In one day I wept helplessly; expressed my anger in the office and told Paul he was an idiot, rather than just getting on and doing the work as usual; pressed the accelerator when I really should have pressed the brake, then thought that really was not sensible; and had an irrational, paranoid fear reaction. I have also been acting impulsively. So now I am back on hormones.
Russel Reid first prescribed the sweeties, as we called them, as a diagnostic test. He told me that he saw a lot of people only once. We self-diagnose as transsexual and find our way to the gender psychiatrist, and Russel always gave us what we asked for. He said, faced with actually taking hormones, the confused fantasist usually stopped. For those of us for whom transition was so completely Right, we came back. We diagnosed ourselves. I think Uncle Russel was right, and was very grateful for the prescription at the time I needed it, but he retired after questions of his conduct were raised before the General Medical Council.
Then the endocrinologist confirmed the recommendation that I take these, to promote female secondary sex characteristics. And I have just carried on taking them. One pharmacist decided to warn me that mine was a particularly high dose for HRT, but then, I am not taking HRT: it is very similar, but I think the differences are important. I am taking oestradiol as a treatment for transsexualism syndrome.
And ten years afterwards, another GP told me that HRT increased the risk of breast cancer, so she wanted me to stop. And I did. Then I lost half a stone, started having the mood swings, associated them with the hormonal changes, and after one particular paranoid and impulsive act begged for more oestrogen.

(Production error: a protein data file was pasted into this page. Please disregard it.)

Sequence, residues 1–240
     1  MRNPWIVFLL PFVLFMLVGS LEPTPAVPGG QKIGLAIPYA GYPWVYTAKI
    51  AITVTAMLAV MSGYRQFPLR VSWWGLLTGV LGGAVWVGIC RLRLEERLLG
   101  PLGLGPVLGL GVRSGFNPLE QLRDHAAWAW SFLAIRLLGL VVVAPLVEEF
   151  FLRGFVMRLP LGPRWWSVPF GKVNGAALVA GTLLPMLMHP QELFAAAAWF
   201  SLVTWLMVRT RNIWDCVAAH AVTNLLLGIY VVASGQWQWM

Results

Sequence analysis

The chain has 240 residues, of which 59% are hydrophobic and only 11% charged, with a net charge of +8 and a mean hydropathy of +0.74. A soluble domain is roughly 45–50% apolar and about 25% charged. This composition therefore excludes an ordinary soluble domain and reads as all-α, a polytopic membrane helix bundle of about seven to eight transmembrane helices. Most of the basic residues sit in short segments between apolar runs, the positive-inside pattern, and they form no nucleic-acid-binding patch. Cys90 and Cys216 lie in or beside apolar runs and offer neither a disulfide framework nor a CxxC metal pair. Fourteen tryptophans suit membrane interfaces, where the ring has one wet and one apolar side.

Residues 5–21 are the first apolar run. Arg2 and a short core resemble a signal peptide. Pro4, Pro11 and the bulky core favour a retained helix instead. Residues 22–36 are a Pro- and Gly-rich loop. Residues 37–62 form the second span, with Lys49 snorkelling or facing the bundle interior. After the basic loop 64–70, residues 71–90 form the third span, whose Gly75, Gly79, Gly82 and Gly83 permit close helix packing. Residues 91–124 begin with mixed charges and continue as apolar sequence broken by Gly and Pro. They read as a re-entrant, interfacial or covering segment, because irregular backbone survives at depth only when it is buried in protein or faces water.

So now I am taking oestradiol again, and thinking of coming off it more gradually to keep the moods in check. I am more worried about thromboses than cancer, but do not want either. I think the oestradiol has done all it can to produce the secondary characteristics. I wonder if this is what women go through, emotionally, in pre-menstrual syndrome.
The essential You is fine, always wonderful and full of life. There will always be scare mongers out there – and doctors are some of the worst! They see too many RTA’s and have to patch up too many casualties. Repeat often, especially on rising and on going to bed: I deserve happiness and fulfilment and today I find it. And keep taking your sweeties. This is a difficult time of year for light, so get outside as much as you can. I speak as one who knows about mood and moodswings. xxx Lots of love, Ann F xxx :-))
Mmm. The second GP noted that I was aware of the risks, would take precautions and see the practice about threatening symptoms, and had made the choice. So she was happy to give me what I wanted. With my experiences, I want any medical intervention to be my choice, rather than a doctor’s. My doctor is simply my professional adviser.
First of all thank you for visiting Minkyweasel World and placing a comment.
So you were under Russell too? What you say about the guy is perfectly true and I discovered that myself back in 2001 when I was being ‘assessed’. You quite rightly point out that transsexuals do know who they are and don’t really need a psychiatrist to tell them and it was evident that Russell also knew this principle.
Shirley Anne xxx
Welcome. I was never happier than listening to Russel dictating a letter recommending the op. That happiness was as strong a diagnostic tool as I can think of.